Orders for papers
The Legislative Council has the power to order the production of state papers by the Executive Government. The basis of this power is the common law principle that the Houses of Parliament possess such inherent powers as are reasonably necessary for their effective functioning.
The power of the House to order the production of state papers was confirmed by the High Court of Australia in Egan v Willis
(1998) 195 CLR 424.
The Council routinely makes orders for the production of state papers. They assist the Council to fulfil its functions of making laws and holding the Government to account. They are also important because, under the system of responsible government that operates in New South Wales, the people have a right to know the information that underlies public debate and informs government decision-making.
Orders for the production of state papers are commonly referred to as ‘orders for papers’ or ‘orders for returns’.
Procedures for the production of state papers
The procedures for the production of state papers are set out in Standing Order 52
of the Legislative Council.
Under standing order 52, any member of the House may give notice of motion for an order for papers. Usually, the notice will relate to a particular decision of Government that has become a matter of broad public interest. If the House agrees to the motion, the Director General of the Department of Premier and Cabinet is advised of the order and coordinates the preparation of the Government response – that is, the return to order.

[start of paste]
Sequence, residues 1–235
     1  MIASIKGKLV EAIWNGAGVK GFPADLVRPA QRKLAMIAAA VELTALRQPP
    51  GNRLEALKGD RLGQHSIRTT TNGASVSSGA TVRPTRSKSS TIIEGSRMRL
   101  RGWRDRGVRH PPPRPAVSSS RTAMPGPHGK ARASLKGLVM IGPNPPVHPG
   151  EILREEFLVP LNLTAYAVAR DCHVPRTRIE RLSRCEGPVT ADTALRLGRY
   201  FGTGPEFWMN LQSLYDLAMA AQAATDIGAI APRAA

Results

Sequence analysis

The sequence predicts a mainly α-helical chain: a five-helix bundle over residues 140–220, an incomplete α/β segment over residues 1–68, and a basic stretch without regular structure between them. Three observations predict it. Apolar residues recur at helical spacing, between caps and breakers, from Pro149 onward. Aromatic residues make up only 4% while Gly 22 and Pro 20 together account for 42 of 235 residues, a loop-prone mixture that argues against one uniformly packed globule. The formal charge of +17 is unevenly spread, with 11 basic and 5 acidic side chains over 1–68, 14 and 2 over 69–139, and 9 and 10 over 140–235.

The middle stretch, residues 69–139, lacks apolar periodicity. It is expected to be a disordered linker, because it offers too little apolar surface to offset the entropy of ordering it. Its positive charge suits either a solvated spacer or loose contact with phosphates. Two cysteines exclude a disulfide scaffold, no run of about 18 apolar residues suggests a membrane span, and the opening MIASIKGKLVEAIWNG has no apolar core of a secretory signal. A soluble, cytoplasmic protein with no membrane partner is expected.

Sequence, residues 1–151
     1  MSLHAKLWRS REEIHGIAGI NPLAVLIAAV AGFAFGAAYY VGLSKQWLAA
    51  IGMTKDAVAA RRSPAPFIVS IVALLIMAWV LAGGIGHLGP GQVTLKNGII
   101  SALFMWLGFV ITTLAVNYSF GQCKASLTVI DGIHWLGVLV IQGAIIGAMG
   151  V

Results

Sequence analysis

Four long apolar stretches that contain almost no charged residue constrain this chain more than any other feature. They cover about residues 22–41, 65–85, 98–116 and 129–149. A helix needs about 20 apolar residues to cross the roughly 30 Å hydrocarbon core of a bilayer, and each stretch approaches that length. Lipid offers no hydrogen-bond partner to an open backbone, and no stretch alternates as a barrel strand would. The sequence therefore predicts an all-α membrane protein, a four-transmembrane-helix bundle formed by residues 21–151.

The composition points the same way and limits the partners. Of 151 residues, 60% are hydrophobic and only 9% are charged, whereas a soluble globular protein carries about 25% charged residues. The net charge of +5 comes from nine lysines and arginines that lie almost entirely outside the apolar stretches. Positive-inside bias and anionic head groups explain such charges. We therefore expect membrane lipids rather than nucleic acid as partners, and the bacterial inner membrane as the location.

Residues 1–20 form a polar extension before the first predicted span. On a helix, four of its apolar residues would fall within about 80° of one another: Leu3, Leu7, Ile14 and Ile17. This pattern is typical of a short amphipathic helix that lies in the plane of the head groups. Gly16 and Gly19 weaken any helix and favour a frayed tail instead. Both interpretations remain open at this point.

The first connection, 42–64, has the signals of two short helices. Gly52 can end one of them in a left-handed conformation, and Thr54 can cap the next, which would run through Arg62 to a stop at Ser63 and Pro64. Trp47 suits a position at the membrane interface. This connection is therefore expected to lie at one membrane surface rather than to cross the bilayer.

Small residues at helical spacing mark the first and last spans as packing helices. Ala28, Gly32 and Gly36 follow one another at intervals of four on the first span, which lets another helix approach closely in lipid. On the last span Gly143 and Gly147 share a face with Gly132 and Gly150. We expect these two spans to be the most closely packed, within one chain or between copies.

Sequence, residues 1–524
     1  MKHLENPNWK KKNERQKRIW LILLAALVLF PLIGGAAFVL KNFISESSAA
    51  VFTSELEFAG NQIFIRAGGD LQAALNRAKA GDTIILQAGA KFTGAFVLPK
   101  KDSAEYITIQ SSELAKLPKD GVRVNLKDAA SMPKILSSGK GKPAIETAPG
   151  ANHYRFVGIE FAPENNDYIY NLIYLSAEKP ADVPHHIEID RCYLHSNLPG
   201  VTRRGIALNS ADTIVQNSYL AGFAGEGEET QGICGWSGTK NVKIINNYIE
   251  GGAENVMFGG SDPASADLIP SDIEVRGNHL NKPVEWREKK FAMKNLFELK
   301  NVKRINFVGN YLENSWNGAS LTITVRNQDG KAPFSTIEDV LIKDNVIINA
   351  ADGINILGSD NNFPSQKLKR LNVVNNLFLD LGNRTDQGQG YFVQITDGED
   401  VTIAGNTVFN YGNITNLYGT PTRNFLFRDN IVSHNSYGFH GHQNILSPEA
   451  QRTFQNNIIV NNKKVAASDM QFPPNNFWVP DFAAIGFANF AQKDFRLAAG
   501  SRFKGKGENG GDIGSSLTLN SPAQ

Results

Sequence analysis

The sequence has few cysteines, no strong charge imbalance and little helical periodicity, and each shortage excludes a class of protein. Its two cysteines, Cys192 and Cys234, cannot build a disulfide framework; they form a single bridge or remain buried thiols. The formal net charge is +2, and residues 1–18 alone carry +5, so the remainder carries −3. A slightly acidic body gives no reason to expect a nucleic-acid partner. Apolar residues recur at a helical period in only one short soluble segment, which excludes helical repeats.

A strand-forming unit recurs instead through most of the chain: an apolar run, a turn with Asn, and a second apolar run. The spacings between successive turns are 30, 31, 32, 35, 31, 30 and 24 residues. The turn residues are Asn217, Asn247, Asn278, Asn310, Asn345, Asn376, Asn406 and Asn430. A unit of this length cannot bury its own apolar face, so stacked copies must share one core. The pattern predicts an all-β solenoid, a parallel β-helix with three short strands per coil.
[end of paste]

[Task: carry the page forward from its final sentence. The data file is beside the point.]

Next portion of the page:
The return to order is provided to the Clerk and is tabled in the House and made public, unless privilege is claimed.
Claims of privilege
Most documents provided in a return to order are made public. However, the Government may make a claim of privilege – that is, that the document should not be made public on certain grounds such as legal professional privilege or public interest immunity.
Privileged documents are available for inspection by members of the Legislative Council only.
Any member may dispute the validity of a claim of privilege. In such instances, the validity of the claim of privilege is considered by an independent legal arbiter. However, it is ultimately for the House to determine the validity of the claim.
New South Wales Legislative Council Practice, Chapter 17
Fact sheet 33
Viewing returns to orders
The Legislative Council manages all documents returned to orders of the House. Returns can range from a single document to hundreds of boxes of documents. Documents returned to an order must be accompanied by an indexed list of the documents, showing the date of creation and author of each document, together with a description of the document.
The indexes are available online, in text searchable PDF. To locate an index, in the Tabled Papers Index
type the subject matter of the return to order in the “Word/phrase” field, or in the “Text in title” field. Select “Return to Order” in the “Document Type” field to further refine your search.
Most documents returned to order are not available online and can only be viewed in the Council’s Procedure Office.
The Procedure office is open between 9.00 am to 5.00 pm business days. It is advisable to contact the office on 9230 2749 to make an arrangement to view documents.
Before viewing documents, visitors are requested to sign a register to indicate that they agree to abide by certain rules. A small fee is charged for making photocopies.
to see rules for viewing documents and photocopy charges.
Tabled paper contact details
Phone: 9230 2431
Fax: 9230 2876